The Malheur takeover, which started on Jan. 2 with at least a dozen armed men, was a flare-up in the so-called Sagebrush Rebellion, a decades-old conflict over federal control of millions of acres in the West. 


At a news conference earlier in the day, state and federal authorities pleaded with the remaining occupiers to quit their protest, saying they were free to leave.

“Let me be clear: It is the actions and choices of the armed occupiers of the refuge that have led us to where we are today,” said Greg Bretzing, special agent in charge of the FBI's office in Portland. “They had ample opportunity to leave the refuge peacefully and as the FBI and our partners have clearly demonstrated, actions are not without consequences.”

Federal officials say they had probable cause to arrest Finicum, who told NBC News earlier this month that he would rather die than be detained.

At the same news conference, Harney County Sheriff Dave Ward, his voice breaking, said, “I'm disappointed that a traffic stop yesterday that was supposed to bring peaceful resolution to this ended badly. Multiple law enforcement agencies put a lot of work into putting together the best tactical plan they could, to take these guys down peacefully.

“This can't happen anymore. This can't happen in America and it can't happen in Harney County,” Ward added.

Reactions to the takeover from residents in Burns, about 30 miles (48 km) from the refuge, have included sympathy for the imprisoned local ranchers whose plight began the protest, to distrust of the federal government, and dismay at the armed occupation by individuals seen as outsiders.

Many residents said an armed protest was taking legitimate grievances too far, and leaders of a Native American tribe have urged the occupiers to leave, saying they were scaring the community and that the protesters' ignorance of the region's real history was offensive.

Oregon wildlife refuge occupiers denounce U.S. government

The leaders of a group of self-styled militiamen who took over a remote U.S. wildlife refuge center in Oregon over the weekend said on Monday they acted to protest the federal government's role in managing millions of acres of wild lands.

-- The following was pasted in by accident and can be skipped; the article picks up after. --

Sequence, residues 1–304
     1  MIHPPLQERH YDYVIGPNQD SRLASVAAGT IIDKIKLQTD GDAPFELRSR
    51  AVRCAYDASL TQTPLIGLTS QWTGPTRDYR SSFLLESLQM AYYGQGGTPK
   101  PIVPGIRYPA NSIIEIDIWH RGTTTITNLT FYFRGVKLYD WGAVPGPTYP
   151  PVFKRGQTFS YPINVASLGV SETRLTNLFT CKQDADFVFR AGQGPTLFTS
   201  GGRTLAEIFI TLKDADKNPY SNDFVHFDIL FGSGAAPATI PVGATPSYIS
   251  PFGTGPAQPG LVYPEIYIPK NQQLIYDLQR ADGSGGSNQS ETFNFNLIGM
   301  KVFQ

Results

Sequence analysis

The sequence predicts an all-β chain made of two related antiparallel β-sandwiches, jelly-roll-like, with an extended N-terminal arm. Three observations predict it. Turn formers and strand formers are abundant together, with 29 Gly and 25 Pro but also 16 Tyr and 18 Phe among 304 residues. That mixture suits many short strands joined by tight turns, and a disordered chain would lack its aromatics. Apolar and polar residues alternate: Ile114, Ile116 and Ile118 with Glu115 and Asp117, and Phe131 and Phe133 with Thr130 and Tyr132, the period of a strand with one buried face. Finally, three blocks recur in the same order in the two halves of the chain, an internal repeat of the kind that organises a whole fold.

The anti-government occupation, which began on Saturday at the Malheur National Wildlife Refuge, 30 miles (50 km) south of the small town of Burns, was the latest skirmish over federal land management in large tracts of the West.

A protest leader, Ammon Bundy, told reporters outside the occupied facility on Monday that his group had named itself “Citizens for Constitutional Freedom” and was trying to restore individual rights. Bundy and law enforcement officials declined to say how many people were occupying the center.

About half a dozen occupiers could be seen outside the facility on Monday, with some manning a watchtower and others standing around a vehicle they had used to block the road leading to the building. They chatted quietly among themselves. None was visibly armed.

The FBI said it was seeking a “peaceful resolution to the situation.” It declined to give details on how the U.S. government would deal with the occupiers. No significant law enforcement presence could be seen at the site.

The occupation followed a demonstration in Burns over the imminent imprisonment of local ranchers Dwight Hammond Jr. and his son, Steven Hammond, who were found guilty of setting a series of fires. Through an attorney, they have dissociated themselves from the occupiers.

NBC News reported that the father and son turned themselves in as planned on Monday at a federal prison in California. Their lawyer did not immediately respond to requests for comment.

The occupation is the latest wrinkle in decades of conflict between ranchers and the federal government over Washington's management of hundreds of thousands of acres of range land. Critics say the federal government often oversteps its authority and exercises arbitrary power without sufficient accountability.

Bundy is the son of Nevada rancher Cliven Bundy, whose ranch was the scene of an armed demonstration against federal Bureau of Land Management (BLM) officials in 2014 that ended with the authorities backing down, citing safety concerns.

That standoff had drawn hundreds of armed protesters after federal agents sought to seize Bundy's cattle because he refused to pay grazing fees. 

Jon Ritzheimer, a Marine Corps veteran who traveled from Phoenix to take part in the occupation, said the Constitution was under attack from the U.S. government, and that he and his companions were “trying to restore this land to the people.” 

In Burns, home to 3,000 people, residents voiced sympathy for the Hammonds but also expressed frustration at the occupation, which some locals viewed as the work of outsiders.

“I agree they shouldn't have to go back to prison. I get why they're here,” said Patrick Wright, a 33-year-old taxi driver, who said he knew the Hammonds. “Taking over the refuge and threatening gun violence is a little extreme, but it's getting them heard, that's for sure.”

The takeover drew criticism on social media, with some users asking if the occupiers would have been treated differently if they had been black or Muslim.